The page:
Churches face a lot of “unknowns” in reopening and must exercise caution, according to Keith Hibbs, director of the office of worship leadership and church music for the Alabama Baptist State Board of Missions.
Hibbs noted one church that faced an issue recently with its worship team.
“This group left services, had lunch together and went to someone’s home for more fellowship,” he said. “One person tested positive for the virus and two more of them were infected, so this is a time demanding precaution.”
Hibbs hosted a webcast Sept. 8 called, “Choir After Covid.”
Panelist Tom Smith, music minister at Providence Baptist Church, Opelika, said his church resumed in-person worship June 7 for its members 50 years old and older.
“We thought our younger adults were out-and-about more with possible exposure, plus the younger group is probably more familiar with live-streaming,” he said. “We’ve had temperature checks and only had to turn one person away since this reopen. Our worshippers do wear masks.”
Smith said he has recruited smaller choirs of 12–14 members.
“We’ve brought out some anthems from the past that we know, so our choral preparation hasn’t been as demanding,” he said.
Zoom choir rehearsals
Worship pastor Ryan Leffel of Woodmont Baptist Church, Florence, said his church hasn’t had choir in morning worship yet.
“We’re watching the progress of our public schools and hope this will inform us about our progress,” he explained.
“We’ve had Zoom choir rehearsals since April. This has provided communication, though not the best music preparation. We also had a drive-thru with choir members picking up music. I made some CDs for those not as familiar with Zoom.”
Private Facebook page
Leffel also began a private Facebook page for worship participants and has recorded a number of personal videos to stay in touch and provide encouragement.
Frank Jones, worship arts associate at Hunter Street Baptist Church, Hoover, said he’s had no live choral rehearsals yet. Hunter Street reopened June 21 with a single service, and added a second service Sept. 13 with provisions for children through sixth grade.
“We use one praise team for both services,” Jones noted. “This should prevent a lot of people being in the same space.”
All panelists agreed they’ve spent time ensuring their sanctuary platforms are not crowded.
“We’ve put some smaller instrumental ensembles outside to play as people enter and exit, and we’ve had a pianist in the foyer,” Jones said. “This way we’re able to use our instrumentalists without crowding our platform.”
Smith said temporary platforms might be a possibility for some churches.
Regardless of how churches are handling music during worship, church staff need “backup” from others about reopening plans, Hibbs said, and church worship leaders agreed.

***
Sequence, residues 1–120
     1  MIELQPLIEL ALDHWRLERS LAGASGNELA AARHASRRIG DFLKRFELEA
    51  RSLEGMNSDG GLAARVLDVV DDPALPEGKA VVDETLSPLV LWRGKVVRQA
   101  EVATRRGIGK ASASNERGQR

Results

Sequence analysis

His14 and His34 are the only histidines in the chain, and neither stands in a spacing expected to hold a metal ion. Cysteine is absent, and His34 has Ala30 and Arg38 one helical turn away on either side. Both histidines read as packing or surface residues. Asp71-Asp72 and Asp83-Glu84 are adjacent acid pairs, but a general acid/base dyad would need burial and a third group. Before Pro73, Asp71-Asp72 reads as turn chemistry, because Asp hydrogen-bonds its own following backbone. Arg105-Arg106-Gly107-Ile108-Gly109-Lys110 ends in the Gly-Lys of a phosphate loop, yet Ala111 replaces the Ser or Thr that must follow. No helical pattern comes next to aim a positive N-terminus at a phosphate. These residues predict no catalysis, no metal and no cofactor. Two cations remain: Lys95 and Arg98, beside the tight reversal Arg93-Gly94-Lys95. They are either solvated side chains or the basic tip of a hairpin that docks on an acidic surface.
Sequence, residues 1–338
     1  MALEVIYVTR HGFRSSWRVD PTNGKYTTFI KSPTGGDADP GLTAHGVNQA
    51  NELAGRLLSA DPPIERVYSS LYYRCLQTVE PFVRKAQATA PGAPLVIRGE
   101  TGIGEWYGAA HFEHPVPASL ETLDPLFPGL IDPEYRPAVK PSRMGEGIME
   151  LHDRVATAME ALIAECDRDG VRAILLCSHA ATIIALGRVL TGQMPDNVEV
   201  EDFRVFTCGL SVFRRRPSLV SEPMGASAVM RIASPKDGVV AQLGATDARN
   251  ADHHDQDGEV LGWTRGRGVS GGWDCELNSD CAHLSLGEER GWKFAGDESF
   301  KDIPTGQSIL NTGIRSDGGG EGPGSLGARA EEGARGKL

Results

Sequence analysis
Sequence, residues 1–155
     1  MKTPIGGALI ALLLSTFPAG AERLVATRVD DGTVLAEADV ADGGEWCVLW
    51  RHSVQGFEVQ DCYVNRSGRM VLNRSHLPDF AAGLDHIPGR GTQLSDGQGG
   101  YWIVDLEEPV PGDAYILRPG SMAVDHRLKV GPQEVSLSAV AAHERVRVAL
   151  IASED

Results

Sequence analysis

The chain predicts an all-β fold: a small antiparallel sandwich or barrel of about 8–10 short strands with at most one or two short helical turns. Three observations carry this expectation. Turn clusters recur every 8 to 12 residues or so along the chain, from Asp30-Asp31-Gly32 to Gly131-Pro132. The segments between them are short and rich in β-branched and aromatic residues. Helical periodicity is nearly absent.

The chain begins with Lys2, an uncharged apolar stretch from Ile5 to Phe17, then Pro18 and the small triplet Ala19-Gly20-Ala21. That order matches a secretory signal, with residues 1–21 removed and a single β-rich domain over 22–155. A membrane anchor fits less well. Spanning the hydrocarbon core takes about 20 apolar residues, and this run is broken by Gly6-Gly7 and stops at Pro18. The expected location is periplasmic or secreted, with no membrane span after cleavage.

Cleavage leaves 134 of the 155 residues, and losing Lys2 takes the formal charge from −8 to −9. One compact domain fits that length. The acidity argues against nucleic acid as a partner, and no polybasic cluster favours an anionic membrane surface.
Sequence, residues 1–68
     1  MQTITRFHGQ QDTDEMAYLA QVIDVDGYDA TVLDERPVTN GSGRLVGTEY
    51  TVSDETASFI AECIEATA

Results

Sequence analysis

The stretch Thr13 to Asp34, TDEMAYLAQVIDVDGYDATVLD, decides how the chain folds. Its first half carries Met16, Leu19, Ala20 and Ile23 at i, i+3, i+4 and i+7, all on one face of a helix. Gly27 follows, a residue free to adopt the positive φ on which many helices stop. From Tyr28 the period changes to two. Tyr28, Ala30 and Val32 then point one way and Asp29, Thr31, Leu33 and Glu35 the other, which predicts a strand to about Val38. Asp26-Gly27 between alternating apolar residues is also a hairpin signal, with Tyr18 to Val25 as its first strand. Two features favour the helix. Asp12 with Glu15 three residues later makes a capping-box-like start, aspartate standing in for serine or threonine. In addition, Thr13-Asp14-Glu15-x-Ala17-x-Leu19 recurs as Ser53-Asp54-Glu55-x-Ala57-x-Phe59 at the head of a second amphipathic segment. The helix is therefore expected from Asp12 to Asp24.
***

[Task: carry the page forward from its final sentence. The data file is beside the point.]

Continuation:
Jones said, “We have an executive team that meets weekly and helps us chart our course.”
Leffel said leaders at Woodmont “submit proposals to our team, and they help us chart our course,” noting the church has included physicians in their planning.
And at Providence, health experts also are involved.
“We have a doctor, our parish nurse and a retired forensic scientist on our decision team,” Smith said.
Regarding Christmas plans, Leffel said that, regrettably, he scrapped Christmas plans in June.
“I’m still thinking about what we can do,” he said. “We’ve made no Christmas decisions yet. Perhaps we can do a simple ‘lessons and carols’ service multiple times to accommodate smaller groups.”
Jones said their Christmas music also will be smaller, and perhaps virtual, rather than the three large events the congregation normally does.
Smith said Providence is discussing a live nativity walk-through on church property with prerecorded choral music at several Christmas scenes.
“I know we can’t do Christmas choral music inside our building,” he said.
Panelists also agreed the way forward would be informed by appropriate protocols, including CDC guidelines and vaccine availability.
Leffel said there is no “new normal.”
“Certainly we can worship alone or online, but I do think worship is sweeter together,” he said. “I hope our people will not neglect the assembling of themselves together when it’s safer.”
Smith, who has been at Providence for more than 40 years and is a retired music professor from Auburn University, said the trend he saw even before COVID-19 was that choirs were getting smaller.
“But the people I’ve seen coming back to sing and lead worship have genuine excitement,” he said. “This gives me renewed hope for the future.”